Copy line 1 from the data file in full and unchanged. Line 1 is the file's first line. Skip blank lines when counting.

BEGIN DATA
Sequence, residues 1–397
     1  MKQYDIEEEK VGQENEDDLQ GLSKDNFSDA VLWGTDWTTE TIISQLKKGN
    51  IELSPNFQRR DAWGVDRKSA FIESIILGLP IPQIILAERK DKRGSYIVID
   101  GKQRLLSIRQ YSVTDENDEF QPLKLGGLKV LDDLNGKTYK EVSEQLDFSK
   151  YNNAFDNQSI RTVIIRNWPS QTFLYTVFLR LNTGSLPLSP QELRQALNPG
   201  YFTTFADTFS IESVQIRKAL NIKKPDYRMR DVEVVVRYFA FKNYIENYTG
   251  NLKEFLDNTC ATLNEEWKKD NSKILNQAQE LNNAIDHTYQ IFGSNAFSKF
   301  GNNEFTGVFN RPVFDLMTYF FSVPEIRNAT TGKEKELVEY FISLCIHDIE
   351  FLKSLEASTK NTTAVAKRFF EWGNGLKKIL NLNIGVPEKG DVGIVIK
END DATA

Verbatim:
Sequence, residues 1–397